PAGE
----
Fails to Promote State Equality Among the States: Although the state equality principle was one of issues that the 1975 Constitutional Convention argued in great detail that the present presidential election system would protect, FSM’s political arena today dictates otherwise. According to an electronic mail interview with Mr. John R Haglelgam, (hereinafter President Haglelgam) he explained that the first members of FSM Congress in 1979 agreed that in order to safeguard the equal opportunity of each State’s at-large member to serve as a FSM president, a viable rotation among the States should be determined on basis of the size of the States. In other words, because Chuuk holds the highest proportion of the FSM population, Mr. Tosiwo Nakayama of Chuuk would get the presidency first. Chuuk will then be succeeded by Pohnpei, Yap third, while Kosrae, holding the smallest population rate will go last. President Haglelgam emphasized that a pivotal element to the agreement was that “all the states would serve only one term in the presidency during the first rotation”. This agreement came to be known as the “Gentlemen’s Agreement” (hereinafter Agreement). However, this agreement was dishonored when Tosiwo Nakayama was elected to a second term in 1983. The Agreement was practically considered null and void when the interviewee was elected as the second FSM President in May of 1987. Since May 10, 1979, Chuuk and Pohnpei have served twice for the presidency; Yap once, while Kosrae--succeeding to the Office due to the then president’s incapacity to perform his duties--served only half of a term. Presently, the President is from Pohnpei and not one of his cabinet members is from Kosrae State. Surely, the present presidential election has failed to protect the States’ equal opportunity to be represented in the Office of the President and even in the executive branch.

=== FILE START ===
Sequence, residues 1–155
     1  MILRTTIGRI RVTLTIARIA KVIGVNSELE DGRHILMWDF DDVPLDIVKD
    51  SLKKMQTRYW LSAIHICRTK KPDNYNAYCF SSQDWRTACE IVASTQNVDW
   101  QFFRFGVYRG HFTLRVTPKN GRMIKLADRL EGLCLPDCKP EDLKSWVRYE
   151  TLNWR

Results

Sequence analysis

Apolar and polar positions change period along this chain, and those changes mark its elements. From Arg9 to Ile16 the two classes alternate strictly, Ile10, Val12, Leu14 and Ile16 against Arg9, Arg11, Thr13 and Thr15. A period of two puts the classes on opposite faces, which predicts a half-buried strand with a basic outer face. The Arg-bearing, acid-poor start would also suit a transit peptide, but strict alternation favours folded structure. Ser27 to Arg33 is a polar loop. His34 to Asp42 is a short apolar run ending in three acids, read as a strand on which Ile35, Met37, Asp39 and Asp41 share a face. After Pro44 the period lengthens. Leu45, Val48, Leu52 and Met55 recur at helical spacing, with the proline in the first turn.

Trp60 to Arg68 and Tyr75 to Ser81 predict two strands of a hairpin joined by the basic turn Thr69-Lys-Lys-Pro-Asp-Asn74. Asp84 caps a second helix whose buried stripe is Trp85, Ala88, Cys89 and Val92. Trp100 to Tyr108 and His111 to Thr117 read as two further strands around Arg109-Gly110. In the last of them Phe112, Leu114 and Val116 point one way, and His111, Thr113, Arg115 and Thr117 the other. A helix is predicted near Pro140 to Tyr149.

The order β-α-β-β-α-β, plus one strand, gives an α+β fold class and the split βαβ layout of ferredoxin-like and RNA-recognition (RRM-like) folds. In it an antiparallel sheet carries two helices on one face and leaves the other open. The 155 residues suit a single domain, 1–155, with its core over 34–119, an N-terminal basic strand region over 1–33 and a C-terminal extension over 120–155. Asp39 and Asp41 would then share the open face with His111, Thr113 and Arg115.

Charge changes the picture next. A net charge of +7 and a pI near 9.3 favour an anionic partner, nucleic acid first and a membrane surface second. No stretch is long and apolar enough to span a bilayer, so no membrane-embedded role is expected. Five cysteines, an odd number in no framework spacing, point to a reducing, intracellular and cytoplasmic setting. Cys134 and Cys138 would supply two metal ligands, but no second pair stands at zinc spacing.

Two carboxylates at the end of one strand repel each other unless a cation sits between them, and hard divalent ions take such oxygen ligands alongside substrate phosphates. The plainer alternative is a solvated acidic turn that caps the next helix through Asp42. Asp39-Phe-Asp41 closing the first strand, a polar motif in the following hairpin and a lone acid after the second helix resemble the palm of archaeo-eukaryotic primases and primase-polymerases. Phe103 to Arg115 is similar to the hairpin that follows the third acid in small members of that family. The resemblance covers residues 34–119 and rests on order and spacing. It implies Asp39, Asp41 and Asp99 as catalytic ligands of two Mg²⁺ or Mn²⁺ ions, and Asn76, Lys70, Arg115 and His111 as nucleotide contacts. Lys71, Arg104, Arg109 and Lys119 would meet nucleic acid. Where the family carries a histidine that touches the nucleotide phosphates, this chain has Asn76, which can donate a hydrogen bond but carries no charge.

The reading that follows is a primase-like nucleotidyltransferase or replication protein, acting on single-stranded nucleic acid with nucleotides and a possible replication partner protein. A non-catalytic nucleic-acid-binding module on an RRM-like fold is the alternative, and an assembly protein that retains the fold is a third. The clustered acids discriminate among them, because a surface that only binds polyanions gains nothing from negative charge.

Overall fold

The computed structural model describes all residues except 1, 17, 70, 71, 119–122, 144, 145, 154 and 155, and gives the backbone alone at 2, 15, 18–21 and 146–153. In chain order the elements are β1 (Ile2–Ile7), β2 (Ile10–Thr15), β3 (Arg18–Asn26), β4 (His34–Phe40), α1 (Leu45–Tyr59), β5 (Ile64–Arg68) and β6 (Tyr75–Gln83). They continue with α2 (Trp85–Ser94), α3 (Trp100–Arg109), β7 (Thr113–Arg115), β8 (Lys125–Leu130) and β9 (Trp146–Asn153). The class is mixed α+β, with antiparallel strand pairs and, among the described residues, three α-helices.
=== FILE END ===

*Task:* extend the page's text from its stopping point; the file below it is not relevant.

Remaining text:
Weakens Separation of Powers and Checks and Balances: One of the most apparent problems of Congress exercising too much power over the president may be lucidly illustrated in their power to make laws without the consent of the president. Firstly, the president does not return the bill within the prescribed time; the bill becomes law as if he approved it. Secondly, even if the President does veto a bill, Congress can still override his veto by having affirmative votes from the three of the four at-large Congressmen. Either way, Congress holds the final decision on whether or not a bill should become law. A great example where this abuse of Congress’ overriding power may be found in Congress appropriating funds under what is known as pork barreling. Pork barreling may be defined as “government appropriation, bill, or policy that supplies funds for local improvements designed to ingratiate legislators with their constituents” . Because of this, eligible voters often vote for candidates not because the candidate will make a difference for the people of FSM, but because such candidate as done a special project in their small communities. In 1999, present President Falcam attempted to curb this problem of “pork barrel” by vetoing numerous congressional bills set for capital projects on the grounds of inappropriate spending. However, with Congress’ constitutional right to override the President’s veto, the bills became law.